Do you have or ever had grandparents? Good. This blog is only for those of you who have had grandparents. The rest of you can ignore it and go to something else.
Mike (the name has been changed for privacy reasons) was 15, the youngest of 6 children, when he and his family were picked up by the Nazis in 1942. His mother, grandmother and oldest sister were sent to be exterminated. His father was sent to a Labor camp, never to be seen of again either. He and his 2 brothers were sent to a camp together. He spent a year in the camp. He eventually became separated from his brothers and was one of many people who was put into a dump truck to be sent to Auschwitz, where he stayed for 18 months. He told me stories of what the conditions were like in the camp. They were so unbearable that many of them wanted to die. They would willingly grab the electric barbed wire to end their misery. He was one of the lucky ones who was liberated by the American army in 1945.
This is a true story of my patient, who is alive today in his 80’s, who has been through some pretty tough times in his life, wouldn’t you say? Listening to my older patients tell their experiences in life has made me a better human being. Of course, this story is not the norm. Not all of my older patients have stories like these. But they all have stories. All have had some experiences in life which demonstrate the strength of the human spirit under adverse circumstances, sometimes extreme ones.
Nowadays, most of us youngsters, and I include myself among them, do not have an appreciation for life. We have grown up in a society, where we stress about things that pale in comparison to the stresses our parents’ generation and their parents’ generation had. I remember a few years ago I saw a patient who was 99 years old then, and when asked about her family history, she proudly told me that her father was alive during Lincoln’s time. Imagine that! To have someone in my office whose father was alive when Lincoln gave his famous Gettysburg address.
Why am I telling you all these stories? I see that in this day and age, we do not really have any time for our elders. How many of you have spent any quality time with your grandparents, or even elderly parents for that matter? Do you get bored in their company? Do you remember when you were obligated to go visit your grandparents by your parents? And did you ever say, “Awww, do I have to?” After all, they were not the most exciting beings on the planet, were they? Especially when you are a teenager, the idea of spending time with your elders was the most boring thing you could think of, right?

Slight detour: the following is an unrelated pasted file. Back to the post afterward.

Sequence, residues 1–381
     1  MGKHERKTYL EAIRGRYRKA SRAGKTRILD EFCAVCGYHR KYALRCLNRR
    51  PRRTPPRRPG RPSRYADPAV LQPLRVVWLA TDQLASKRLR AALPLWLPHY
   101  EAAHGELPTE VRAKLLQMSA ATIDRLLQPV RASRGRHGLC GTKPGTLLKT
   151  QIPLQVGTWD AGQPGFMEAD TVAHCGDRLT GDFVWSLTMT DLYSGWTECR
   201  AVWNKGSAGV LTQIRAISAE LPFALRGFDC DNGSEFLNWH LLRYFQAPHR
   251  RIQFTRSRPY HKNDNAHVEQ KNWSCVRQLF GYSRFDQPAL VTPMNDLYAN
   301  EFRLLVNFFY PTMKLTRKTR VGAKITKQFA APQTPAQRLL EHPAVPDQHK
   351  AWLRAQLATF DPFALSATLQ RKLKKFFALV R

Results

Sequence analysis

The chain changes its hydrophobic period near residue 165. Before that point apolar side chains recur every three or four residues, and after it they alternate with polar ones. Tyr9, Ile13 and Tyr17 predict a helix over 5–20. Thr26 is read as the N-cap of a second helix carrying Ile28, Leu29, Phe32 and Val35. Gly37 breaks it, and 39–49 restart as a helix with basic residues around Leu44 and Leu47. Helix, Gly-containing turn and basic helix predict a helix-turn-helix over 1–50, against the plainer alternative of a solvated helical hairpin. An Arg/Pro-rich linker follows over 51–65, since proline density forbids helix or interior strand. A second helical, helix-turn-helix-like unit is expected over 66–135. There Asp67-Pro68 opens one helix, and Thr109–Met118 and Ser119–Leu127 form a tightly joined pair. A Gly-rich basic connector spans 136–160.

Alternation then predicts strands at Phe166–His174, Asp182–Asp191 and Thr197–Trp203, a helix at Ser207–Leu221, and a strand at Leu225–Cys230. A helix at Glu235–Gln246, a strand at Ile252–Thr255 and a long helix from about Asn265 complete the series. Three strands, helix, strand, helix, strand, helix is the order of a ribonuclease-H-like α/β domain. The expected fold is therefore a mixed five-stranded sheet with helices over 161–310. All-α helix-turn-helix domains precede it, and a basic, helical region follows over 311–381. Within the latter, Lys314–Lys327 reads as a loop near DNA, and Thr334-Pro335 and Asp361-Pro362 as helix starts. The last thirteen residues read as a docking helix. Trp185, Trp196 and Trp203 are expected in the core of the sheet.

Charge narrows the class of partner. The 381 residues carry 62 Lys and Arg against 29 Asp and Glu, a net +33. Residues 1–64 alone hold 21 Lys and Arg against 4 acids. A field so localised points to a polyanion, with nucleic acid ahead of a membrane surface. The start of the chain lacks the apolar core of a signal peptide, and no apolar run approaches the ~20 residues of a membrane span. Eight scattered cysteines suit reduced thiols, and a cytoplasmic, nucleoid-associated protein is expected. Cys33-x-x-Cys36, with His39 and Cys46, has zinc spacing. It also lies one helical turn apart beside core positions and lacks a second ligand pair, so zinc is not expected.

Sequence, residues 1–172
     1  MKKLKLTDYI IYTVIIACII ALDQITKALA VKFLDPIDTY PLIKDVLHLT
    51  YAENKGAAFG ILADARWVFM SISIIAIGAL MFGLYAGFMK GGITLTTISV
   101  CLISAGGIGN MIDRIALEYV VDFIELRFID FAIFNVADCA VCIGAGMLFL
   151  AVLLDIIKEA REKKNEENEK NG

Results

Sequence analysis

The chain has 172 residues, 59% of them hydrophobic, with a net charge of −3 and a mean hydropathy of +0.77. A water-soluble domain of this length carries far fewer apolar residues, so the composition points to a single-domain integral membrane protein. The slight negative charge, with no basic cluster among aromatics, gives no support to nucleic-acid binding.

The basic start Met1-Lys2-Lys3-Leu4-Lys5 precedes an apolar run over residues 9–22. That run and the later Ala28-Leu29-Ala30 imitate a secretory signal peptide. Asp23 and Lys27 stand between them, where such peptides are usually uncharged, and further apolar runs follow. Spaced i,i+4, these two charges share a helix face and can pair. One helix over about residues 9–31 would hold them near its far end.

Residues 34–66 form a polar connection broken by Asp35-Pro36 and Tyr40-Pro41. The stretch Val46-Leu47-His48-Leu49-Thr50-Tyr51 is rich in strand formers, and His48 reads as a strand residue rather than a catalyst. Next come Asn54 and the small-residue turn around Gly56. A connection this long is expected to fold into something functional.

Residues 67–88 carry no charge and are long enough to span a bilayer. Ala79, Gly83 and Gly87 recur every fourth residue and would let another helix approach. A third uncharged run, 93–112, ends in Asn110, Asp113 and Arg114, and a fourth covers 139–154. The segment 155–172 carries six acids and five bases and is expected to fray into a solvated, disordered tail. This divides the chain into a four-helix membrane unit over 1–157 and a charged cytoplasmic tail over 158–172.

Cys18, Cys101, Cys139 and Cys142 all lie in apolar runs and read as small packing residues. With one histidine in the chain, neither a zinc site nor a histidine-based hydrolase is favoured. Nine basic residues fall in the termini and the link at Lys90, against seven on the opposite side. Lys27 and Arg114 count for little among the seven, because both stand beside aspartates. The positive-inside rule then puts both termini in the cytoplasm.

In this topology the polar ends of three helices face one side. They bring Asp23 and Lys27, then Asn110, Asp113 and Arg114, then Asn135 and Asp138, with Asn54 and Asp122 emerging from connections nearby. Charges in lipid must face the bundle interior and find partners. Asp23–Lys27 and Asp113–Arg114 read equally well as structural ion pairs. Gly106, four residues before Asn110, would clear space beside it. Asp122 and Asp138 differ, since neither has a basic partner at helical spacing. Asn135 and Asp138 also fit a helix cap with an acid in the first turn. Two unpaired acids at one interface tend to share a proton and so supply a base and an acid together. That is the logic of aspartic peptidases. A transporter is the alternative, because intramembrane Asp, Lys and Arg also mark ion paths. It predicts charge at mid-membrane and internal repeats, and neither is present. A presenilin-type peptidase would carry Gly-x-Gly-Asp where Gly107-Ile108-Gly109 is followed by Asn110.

Forgive me, I am going to say this right off the bat: this society is not for the elderly. There. I said it. Am I being too pessimistic? Is it really true? I am sure some of you may disagree, and I hope you are right. As a physician I see this all too often. I see my patients languishing in nursing homes with no one visiting them. What is the plight of the elderly in these nursing homes? I am saddened by the state of affairs of our nursing homes And, unfortunately, I see in my own family, in my own self. My own mother had to go to a nursing home because of developing advanced dementia.
How many of you have aging parents or grandparents living at home with you? It is a complex topic and there is no right or wrong answer. Back in India, and I suspect in other parts of the world, we grew up in extended families. In this society, nuclear families predominate. It’s not a question of one being better than the other. Rather, each has its positives and negatives. And my aim is not to discuss which system is better.
I have made it a mission of mine to spend as much time as I can to learn from elders, whether they are my parents (when my father was alive and my mother was in better health), my patients, or other respected members of our society. Every one of them has something to teach us about how to live life, about how to live in the face of all the stresses we have. In a society where in the coming years, the fastest growing population is the elderly, we will have record numbers of older people, but we will be ill-equipped mentally to handle the aged.
Think about it. How much time do we spend with our elders? Whatever time we do spend, is it just because of obligation or do we look forward to it? Even if we do it because of obligation, it is better than not doing it at all. Our parents and grandparents gave us so much; the least we can do is spend some quality time with them. And we may be surprised as to what life lessons we learn from them.
Let me make a request: Just do it. Take some time and visit an elderly person. Ask them what life lessons they have learnt that they can impart to you? Learn from the wisdom of these folks. After all, one day we will become them.
And I would be very interested in hearing from you. Maybe you can share what you have learnt from them with me and my readers.
Ravinder Singh, MD